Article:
Care home cruelty – I trapped my dad’s abuser
The care home was supposed to be a sanctuary for Noleen’s sweet father Noleen Hausler, 58, Adelaide, SA
My dad Clarry simply loved the country life. A gentle giant, he was often found working hard in the orchards or fishing in the river.
And he was always there to teach us five kids and his four grandkids life lessons.
‘Treat people with respect and you will always get along in life,’ he’d tell us wisely. Dad and our mum Betty raised us all on a farm in Morgan, giving us the ideal childhood.
In his early 70s, Dad slowly started succumbing to depression, complicated by diabetes and dementia.
It hurt to see him like that – no longer able to care for the farm or even himself.
Mum was determined to keep him at home, where he belonged, she said.
‘It’s what I have to do,’ she’d say defiantly.
Along with great help from the local community, she was only too happy to look after her amazing husband and life companion.
It took a devastating toll on her though, and tragically, at age 69, Mum passed away from a heart attack.
Dad was heartbroken – we could see it in his eyes.
It also meant Dad couldn’t stay on his beloved farm that he’d called home for over 50 years.
For the next six months, my brothers and sisters battled with what to do.
‘He needs to go into care,’ we all agreed.
It was a tough decision but we had no other choice.
No longer could Dad enjoy the
It was a tough decision but we had no choice
freedom of his farm, the sights of the orange orchards or the chirping of the birds.
But we found a respected aged care facility nearby and Dad moved in.
Decorating his room with family pictures of the farm, I visited Dad every day.
We hoped the photos would bring back glimmers of the old
Dad we knew and loved.
At age 76, Dad needed a walking frame, suffered memory problems and required constant assistance with hygiene.
But for 12 years, Dad was looked after by brilliant and caring staff. By age 88, he was bed-bound and lost almost all verbal ability.
That year, the facility was sold to a larger, corporate organisation.
‘It will be business as usual,’ we were told.
‘Nothing will change.’
But within 12 months, some of the more compassionate carers left.
And when I visited Dad, then 89, I noticed something sinister. Suspicious bruising had appeared on his arms and legs.
Dad lost the sparkle in his eyes and his whole demeanour had changed.
There was an inexplicable look of fear on his face that I couldn’t shake.
He even struggled to eat, one of his last life pleasures.
‘Dad, what’s going on?’ I’d ask. ‘Is your throat sore?’ But he couldn’t answer. We used to have a special, non-verbal bond – but it felt like that had disappeared.
When I reported the strange bruises, it led to nothing.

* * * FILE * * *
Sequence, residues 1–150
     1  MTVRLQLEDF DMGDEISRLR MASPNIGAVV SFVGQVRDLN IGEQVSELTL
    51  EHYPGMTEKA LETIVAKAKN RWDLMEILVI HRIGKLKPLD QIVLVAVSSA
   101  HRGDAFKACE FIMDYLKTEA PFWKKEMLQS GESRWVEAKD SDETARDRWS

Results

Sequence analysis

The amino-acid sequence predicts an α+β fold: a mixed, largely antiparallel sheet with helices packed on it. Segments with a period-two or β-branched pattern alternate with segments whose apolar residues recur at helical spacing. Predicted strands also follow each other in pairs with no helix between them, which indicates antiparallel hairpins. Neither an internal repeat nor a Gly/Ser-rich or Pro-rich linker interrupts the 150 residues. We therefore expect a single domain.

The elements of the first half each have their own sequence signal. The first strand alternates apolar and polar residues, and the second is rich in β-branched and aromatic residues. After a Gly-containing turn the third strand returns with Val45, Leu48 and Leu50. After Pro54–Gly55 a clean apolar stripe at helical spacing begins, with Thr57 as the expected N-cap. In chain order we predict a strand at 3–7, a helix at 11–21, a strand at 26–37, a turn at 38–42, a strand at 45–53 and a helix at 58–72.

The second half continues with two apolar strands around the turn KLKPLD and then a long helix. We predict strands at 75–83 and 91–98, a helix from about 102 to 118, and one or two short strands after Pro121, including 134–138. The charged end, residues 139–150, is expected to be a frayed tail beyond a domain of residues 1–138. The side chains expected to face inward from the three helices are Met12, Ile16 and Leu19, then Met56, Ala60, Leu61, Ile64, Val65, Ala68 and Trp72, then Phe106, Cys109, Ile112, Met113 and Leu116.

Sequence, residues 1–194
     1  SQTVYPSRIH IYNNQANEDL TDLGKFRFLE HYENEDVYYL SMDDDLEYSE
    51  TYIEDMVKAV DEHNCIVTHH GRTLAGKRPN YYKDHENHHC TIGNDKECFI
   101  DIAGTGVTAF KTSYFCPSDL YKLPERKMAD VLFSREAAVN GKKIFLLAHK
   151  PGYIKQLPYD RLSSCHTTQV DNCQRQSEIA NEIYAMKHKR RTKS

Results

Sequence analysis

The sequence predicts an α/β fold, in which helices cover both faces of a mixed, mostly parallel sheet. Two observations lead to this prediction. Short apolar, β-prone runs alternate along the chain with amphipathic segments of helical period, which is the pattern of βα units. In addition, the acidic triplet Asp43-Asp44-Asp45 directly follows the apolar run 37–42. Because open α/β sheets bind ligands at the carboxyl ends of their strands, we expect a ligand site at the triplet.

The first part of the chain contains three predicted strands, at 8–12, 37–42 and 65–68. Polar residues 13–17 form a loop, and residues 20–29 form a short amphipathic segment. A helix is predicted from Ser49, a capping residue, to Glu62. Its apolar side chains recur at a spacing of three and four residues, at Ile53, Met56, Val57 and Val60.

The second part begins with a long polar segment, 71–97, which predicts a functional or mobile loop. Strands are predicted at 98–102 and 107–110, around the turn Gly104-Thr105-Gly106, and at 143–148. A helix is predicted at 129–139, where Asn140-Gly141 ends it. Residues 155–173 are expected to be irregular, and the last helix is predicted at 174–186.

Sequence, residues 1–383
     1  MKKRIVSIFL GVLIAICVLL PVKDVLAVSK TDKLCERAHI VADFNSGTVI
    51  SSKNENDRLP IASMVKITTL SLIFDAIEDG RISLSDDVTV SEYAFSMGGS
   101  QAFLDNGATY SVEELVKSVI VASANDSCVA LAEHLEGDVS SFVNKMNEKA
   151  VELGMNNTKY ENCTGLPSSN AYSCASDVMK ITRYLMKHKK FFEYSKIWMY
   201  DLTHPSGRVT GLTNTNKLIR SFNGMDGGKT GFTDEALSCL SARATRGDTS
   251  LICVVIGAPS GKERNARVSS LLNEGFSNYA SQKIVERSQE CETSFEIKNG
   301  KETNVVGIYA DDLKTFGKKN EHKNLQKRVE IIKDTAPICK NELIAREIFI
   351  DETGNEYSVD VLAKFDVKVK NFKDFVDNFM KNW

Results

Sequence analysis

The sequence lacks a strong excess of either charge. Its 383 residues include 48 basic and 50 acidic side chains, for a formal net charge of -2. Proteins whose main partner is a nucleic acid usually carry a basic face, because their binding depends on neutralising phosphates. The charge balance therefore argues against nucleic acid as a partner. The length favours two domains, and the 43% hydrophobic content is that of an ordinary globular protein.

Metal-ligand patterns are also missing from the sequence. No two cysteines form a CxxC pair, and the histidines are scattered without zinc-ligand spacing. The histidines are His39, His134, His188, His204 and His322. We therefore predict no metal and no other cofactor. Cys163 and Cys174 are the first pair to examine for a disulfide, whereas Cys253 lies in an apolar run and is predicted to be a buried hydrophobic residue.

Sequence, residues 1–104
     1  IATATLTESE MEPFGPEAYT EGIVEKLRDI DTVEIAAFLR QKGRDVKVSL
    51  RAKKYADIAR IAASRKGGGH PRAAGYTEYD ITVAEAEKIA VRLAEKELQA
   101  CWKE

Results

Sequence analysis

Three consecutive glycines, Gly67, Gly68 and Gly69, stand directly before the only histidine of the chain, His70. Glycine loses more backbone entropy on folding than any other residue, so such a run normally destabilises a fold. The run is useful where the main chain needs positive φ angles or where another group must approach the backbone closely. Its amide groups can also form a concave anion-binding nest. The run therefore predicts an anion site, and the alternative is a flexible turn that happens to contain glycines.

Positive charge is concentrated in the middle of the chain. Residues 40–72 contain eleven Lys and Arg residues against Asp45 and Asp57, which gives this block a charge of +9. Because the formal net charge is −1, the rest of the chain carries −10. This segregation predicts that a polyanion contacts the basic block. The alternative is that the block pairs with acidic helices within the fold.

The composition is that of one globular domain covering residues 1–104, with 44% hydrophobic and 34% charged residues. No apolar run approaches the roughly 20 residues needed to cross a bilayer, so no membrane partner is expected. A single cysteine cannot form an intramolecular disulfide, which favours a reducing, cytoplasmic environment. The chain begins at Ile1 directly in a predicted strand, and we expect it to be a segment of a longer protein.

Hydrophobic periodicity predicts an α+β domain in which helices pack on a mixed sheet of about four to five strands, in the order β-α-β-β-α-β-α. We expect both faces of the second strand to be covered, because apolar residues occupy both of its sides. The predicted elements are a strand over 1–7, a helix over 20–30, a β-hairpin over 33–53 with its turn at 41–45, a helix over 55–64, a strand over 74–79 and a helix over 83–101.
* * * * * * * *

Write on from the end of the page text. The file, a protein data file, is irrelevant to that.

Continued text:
After months of no action, I decided to take matters into my own hands.
As a last resort, I placed a tiny hidden camera in his room and waited to check the tapes.
A few days later, I sat down to watch the video.
I fastforwarded until I saw the carer come into the room.
In silent horror, I watched as he grabbed a spoon and violently shoved it into my beloved dad’s mouth.
When my poor dad resisted, the carer grabbed his frail arms and wrestled with him. Taking the serviette under his chin, the carer covered Dad’s nose and mouth, appearing to attempt to suffocate him.
I was beyond horrified.
Dad lost the sparkle in his eyes and there was fear on his face
My sweet, dad – who deserved dignity and respect – was being hurt by this abuser.
How could he?
This was supposed to be someone I could trust to keep Dad safe and cared for.
Shaking, I reported the abuse to the police.
Afterwards, detectives showed the evidence to the home operator.
Rather than apologising and condemning the abuser, the operator threatened me with breaching the Privacy Act, Surveillance Devices
Act and the Aged Care acts.
And later, they said that if I was to put a camera in there again, it’d be confiscated and the police would be called.
While I would’ve been happy to go to prison for exposing him, it was the carer who needed to be punished – not me for trying to protect my dad.
In June 2016, Corey Lyle Lucas, 29, appeared at Adelaide Magistrates Court and pleaded guilty to two counts of aggravated assault against my father, Clarence.
He received a six-month jail sentence, but only served one month in prison before the rest was suspended.
The disturbing footage was then aired on TV.
Many viewers said they had to switch it off, as it was too hard to watch.
Dad didn’t have a remote control to stop the abuse he endured for 25 minutes.
Sadly, our father passed away in January 2017, age
91. When he died, he took a piece of my heart.
In his honour, I decided to campaign for legislative reform for the use of CCTV in care homes. I’m requesting relatives be allowed to install ethical CCTV in rooms of loved ones, to restore peace of mind and ensure them a safe environment in the last years of their lives.
More than 45,000 people signed my petition for ethical surveillance cameras in private rooms in aged care.
Hopefully, Dad’s story will mean it never happens again.
With cameras holding abusers accountable, no-one else will suffer the way my darling dad did.
I visited Dadevery day
Footage captured from my hidden camera proved myworst nightmares
Corey Lucas pleaded guilty to aggravated assault
No-one deserves treatment like my fathersuffered
My father Clarence and mother Betty
Clarry deserved care and to not be afraid